by Libby Hellmann
Over the summer The Outfit (Michael, Marcus, Kevin, and I) conducted crime writing workshops for teenagers and adults in a program sponsored by the Chicago Public Library. I think we were all blown away by the talent of the kids: their imagination, fearlessness, and an innate understanding of suspense.
One of my favorite parts of those writing workshops – in fact, of any writing workshop -- is first lines. As writers, we know the first line should hook the reader. We also know it’s better to start “in media res,” in the middle of things. I often can’t start writing a new book until I have the first line. I may change it later, when a better line materializes, but that first line is critical – if it’s good, it gives the reader -- and me -- an indication of the pace... setting… and mood of the story.
In the workshops Michael and I did, we handed out examples, then asked the kids to write their own. I don’t have the kids’ lines (I wish I did), but below are some of the first lines we handed out. I’ve collected them from a variety of places – other authors’ lists as well as my own, so thanks to people who contributed. And a big hat’s off to the authors who wrote them in the first place.
“The man with ten minutes to live was laughing.”
The Fist of God by Frederick Forsyth
“The small boys came early to the hanging.”
Pillars Of The Earth by Ken Follett
“Some women give birth to murderers, some go to bed with them, and some marry them.”
Before The Fact, by Francis Iles (basis for Hitchcock’s Suspicion)
“For a week, the feeling had been with him, and all week long young Paul LeBeau had been afraid.”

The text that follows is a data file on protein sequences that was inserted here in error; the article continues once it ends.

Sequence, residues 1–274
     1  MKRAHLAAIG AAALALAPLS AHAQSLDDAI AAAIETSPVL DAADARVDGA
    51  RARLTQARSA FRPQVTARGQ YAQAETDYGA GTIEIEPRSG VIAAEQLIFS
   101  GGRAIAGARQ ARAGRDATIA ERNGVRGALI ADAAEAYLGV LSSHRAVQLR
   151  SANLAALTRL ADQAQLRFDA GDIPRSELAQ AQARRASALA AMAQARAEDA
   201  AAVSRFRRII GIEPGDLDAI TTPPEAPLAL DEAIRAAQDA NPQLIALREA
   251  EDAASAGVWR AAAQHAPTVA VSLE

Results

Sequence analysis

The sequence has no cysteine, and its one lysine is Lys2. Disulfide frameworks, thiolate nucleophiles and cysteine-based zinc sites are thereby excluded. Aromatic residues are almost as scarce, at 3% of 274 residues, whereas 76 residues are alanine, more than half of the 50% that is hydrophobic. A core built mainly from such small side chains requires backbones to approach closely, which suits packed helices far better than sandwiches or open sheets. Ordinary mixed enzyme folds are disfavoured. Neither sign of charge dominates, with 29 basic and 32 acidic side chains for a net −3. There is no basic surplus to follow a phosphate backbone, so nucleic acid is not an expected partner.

Iron Lake, William Kent Krueger
“I was trapped in a house with a lawyer, a bare-breasted woman, and a dead man. The rattlesnake in the paper sack only complicated matters.”
Fat Tuesday, by Earl Emerson
“My bodyguard was mowing the yard wearing her pink bikini when the man fell from the sky.”
Dead Over Heels, by Charlaine Harris
“I turned the Chrysler onto the Florida Turnpike with Rollo Kramer's headless body in the trunk, and all the time I'm thinking I should have put some plastic down.”
Gun Monkeys by Victor Gischler
"Scarlett O'Hara was not beautiful, but men seldom realized it when caught by her charm as the Tarleton twins were."
Gone With the Wind by Margaret Mitchell
Btw, Michael and I had a lively discussion on last lines and whether they need to refer back to the first. (In fact, Marcus did a post on last lines a while back.) Michael believes they should – perhaps not word for word, but thematically. I don’t. Maybe it’s because I wrote too many corporate speeches in another life, speeches in which the intro and conclusion had to be linked.
What do you think?
And in case you were wondering about the first line in DOUBLEBACK, it’s
“Panic has a way of defining an individual.”
So, let us know what your favorite first lines are. Short Stories count...
In fact, let's do a contest. The best 3 opening lines (judged in a totally subjective way by me) get a prize. Which I will tell you about later.